Control Your Temper
For most of my adult life I have been a senior pastor. I was privileged to serve four churches in that role and given the opportunity to preach regularly. Preaching is one of my favorite things. Currently I serve as an associate pastor in a much larger church and the opportunity to preach is much less frequent, but last Sunday, while our senior pastor was on vacation I preached the Sunday morning sermon.
My love of preaching will likely not make sense to most people because a fear of public speaking, is one of the most common phobias, but to me preaching is a great privilege and joy. Most Sundays for the past 35 years I have been in the pulpit. I love sermon topics that are relevant and meaningful. Last week’s message focused on how we can overcome anger with prayer. I became very convinced my topic was appropriate after learning how common anger is today.
Several reputable national polls taken about anger between 2016 and 2019 were studied by the Christian website, Revival Outside the Walls. Based on those polls the organization reported the following facts: 1) 48% of Americans said they were angrier the year they filled out the survey than they had ever been in the past. 2) 71% of Americans said they get angry at least once a day and, 3) 31% of those surveyed said they get “really angry” every day (“really angry” was defined as seething or boiling.)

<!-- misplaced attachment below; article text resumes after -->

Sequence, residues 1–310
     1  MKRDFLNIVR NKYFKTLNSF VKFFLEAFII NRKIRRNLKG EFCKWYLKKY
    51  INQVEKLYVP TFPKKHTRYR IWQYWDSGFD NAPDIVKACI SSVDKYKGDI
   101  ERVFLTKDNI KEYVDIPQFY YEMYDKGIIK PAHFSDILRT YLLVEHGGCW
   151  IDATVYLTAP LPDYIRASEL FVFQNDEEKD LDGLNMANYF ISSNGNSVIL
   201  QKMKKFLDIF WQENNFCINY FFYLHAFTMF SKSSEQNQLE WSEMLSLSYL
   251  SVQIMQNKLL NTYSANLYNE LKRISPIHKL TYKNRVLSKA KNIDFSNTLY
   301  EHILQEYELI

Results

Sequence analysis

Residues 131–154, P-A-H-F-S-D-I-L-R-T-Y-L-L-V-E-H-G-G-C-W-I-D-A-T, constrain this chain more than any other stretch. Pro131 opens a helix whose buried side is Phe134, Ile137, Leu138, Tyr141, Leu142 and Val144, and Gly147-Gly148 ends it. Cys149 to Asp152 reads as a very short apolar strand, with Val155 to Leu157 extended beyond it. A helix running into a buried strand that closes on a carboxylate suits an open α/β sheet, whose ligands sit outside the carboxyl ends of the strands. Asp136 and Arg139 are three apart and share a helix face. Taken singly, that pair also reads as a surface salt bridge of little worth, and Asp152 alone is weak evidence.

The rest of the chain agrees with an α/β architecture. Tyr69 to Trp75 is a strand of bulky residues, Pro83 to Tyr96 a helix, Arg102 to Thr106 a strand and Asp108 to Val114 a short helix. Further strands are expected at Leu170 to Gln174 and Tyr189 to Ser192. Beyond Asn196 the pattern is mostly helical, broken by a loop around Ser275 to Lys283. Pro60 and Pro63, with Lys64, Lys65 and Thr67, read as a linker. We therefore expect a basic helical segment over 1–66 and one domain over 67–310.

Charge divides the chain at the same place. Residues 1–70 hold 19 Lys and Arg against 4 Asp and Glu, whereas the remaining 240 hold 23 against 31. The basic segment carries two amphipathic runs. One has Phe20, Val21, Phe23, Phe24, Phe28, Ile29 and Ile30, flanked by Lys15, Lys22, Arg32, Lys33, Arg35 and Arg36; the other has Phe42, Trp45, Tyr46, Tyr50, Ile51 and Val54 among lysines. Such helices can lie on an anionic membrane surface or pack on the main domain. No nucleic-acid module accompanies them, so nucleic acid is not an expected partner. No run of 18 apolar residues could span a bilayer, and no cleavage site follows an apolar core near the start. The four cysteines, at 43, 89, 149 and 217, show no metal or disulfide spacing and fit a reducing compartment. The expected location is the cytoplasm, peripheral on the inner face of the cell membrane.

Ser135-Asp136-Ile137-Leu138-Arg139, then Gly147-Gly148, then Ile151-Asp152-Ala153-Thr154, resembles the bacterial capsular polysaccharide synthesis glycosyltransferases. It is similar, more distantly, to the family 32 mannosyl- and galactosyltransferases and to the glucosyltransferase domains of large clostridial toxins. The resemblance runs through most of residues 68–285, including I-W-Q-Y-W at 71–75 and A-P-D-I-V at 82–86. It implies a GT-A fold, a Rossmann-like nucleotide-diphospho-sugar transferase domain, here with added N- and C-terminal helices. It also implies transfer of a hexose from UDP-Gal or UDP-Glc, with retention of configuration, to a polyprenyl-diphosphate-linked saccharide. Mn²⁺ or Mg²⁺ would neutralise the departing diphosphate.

Considering how each of the surveys was done before the COVID-19 pandemic dramatically began affecting our lives, it is safe to assume the level of anger in America is even higher now.
All of us have had moments when we lost our temper and said things we regretted. However, each of us would be much better off if we asked God to help us control our temper.
We would do well to remember the wise words from the apostle James. “Understand this, my dear brothers and sisters: You must all be quick to listen, slow to speak, and slow to get angry. Human anger does not produce the righteousness God desires.” (James 1:19-20, NLT)
It is that final statement which most captures my attention, “Human anger does not produce the righteousness God desires.” I was fascinated to learn the Greek word translated here as “righteousness” can also be translated “justice.” James’ point is that our temper does not produce the justice God desires. Our anger never makes things better, it consistently makes them worse.
Many times after I have been angry I recall wishing I had said less. I never remember wishing I had said more. You and I will be better the next time we feel ourselves becoming angry if we simply take James’ advice to listen more, talk less and refuse to let our temper control us.